Why So Many Bad Reviews On Tanks?

  • #1
Hello, please excuse me if I am asking a previously asked question. I am new here. I just purchased a 75 gallon Marineland tank set up. I have had fresh water, brackish and saltwater tanks years ago but have not kept aquariums in a while. I was rather concerned when I later read reviews about the tanks leaking. I rarely heard about leaking tanks when I worked in a pet store. Is this something I should be concerned about?
  • #2
Some people do have issues with tanks leaking but I never have (knock on wood). I don't but really expensive ones either. I think sometimes the seams can get weak on older tanks. Anybody else?
  • #3
I’ve had one tank leak on me, thankfully it was just a 5.5 gallon with nothing in it, and I realized as soon as I filled it up. I just took it back to the store and switched it out for a new one, no problem. It’s not that common
  • #4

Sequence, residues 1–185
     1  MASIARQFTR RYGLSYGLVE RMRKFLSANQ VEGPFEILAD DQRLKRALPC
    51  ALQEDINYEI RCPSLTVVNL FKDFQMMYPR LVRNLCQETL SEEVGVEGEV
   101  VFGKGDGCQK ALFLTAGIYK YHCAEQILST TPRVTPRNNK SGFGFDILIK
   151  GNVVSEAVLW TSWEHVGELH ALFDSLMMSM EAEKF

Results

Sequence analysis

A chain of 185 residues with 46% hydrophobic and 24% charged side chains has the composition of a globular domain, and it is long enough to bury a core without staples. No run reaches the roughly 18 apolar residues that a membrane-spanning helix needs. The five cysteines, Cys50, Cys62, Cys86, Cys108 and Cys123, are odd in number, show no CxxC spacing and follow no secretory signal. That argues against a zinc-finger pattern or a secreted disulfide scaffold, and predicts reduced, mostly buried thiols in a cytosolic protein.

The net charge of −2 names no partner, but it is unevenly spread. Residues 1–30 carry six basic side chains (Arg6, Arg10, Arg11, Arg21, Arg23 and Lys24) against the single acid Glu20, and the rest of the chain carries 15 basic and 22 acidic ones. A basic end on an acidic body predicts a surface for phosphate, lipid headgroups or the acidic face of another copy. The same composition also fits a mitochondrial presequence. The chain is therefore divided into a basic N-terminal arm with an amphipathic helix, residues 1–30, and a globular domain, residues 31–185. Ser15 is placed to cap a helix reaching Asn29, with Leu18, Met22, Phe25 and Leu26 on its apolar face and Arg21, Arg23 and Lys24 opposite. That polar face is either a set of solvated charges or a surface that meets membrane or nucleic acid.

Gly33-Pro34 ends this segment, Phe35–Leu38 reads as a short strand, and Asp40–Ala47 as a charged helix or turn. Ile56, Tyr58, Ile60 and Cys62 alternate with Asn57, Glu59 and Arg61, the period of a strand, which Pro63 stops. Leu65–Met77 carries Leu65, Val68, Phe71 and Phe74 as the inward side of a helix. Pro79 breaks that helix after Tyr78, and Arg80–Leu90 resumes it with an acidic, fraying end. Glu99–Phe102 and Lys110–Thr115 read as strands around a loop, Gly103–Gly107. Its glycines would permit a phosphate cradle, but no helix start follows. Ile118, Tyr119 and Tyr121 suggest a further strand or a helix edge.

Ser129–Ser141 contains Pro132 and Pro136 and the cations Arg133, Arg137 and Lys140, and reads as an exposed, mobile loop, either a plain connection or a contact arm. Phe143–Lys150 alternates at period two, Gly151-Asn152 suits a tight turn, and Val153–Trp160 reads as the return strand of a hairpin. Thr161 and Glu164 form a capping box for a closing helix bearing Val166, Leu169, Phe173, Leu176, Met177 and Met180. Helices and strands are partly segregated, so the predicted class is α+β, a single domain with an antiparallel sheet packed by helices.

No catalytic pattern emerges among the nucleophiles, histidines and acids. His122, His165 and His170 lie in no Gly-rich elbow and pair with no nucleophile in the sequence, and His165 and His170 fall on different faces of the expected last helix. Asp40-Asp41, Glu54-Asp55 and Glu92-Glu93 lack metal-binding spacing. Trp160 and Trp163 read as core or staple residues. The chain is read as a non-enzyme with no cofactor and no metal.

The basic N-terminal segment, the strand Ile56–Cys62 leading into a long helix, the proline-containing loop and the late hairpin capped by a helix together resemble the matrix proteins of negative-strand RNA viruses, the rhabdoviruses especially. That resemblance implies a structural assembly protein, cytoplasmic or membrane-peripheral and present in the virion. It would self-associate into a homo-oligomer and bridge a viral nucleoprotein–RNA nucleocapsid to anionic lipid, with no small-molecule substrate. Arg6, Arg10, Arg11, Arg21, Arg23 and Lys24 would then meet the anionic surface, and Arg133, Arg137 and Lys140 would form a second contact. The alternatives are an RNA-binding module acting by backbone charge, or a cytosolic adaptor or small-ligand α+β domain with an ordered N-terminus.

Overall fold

I've had good luck too, knock on wood. I have 6 tanks and 5 of them are dollar per gallon specials. Ond of them has been going strong for almost 7 years, while the rest are more or less a year old. Yep, it took a while for the MTS to hit, but it came on strong in 2017.

I would think that the prevalence of second-hand tanks might be the culprit for bad reviews. There are always second-hand tanks available and I'm sure more than a few people aren't sure what they've been previously used for. Reptiles and rodents can put a lot of wear on seals, but when a person picks a tank up at the curb or even on craigslist, they may have no idea what was in it. To the layman, it may be difficult to notice silicone being worn or dried out and crusty, but it may not stop folks from complaining.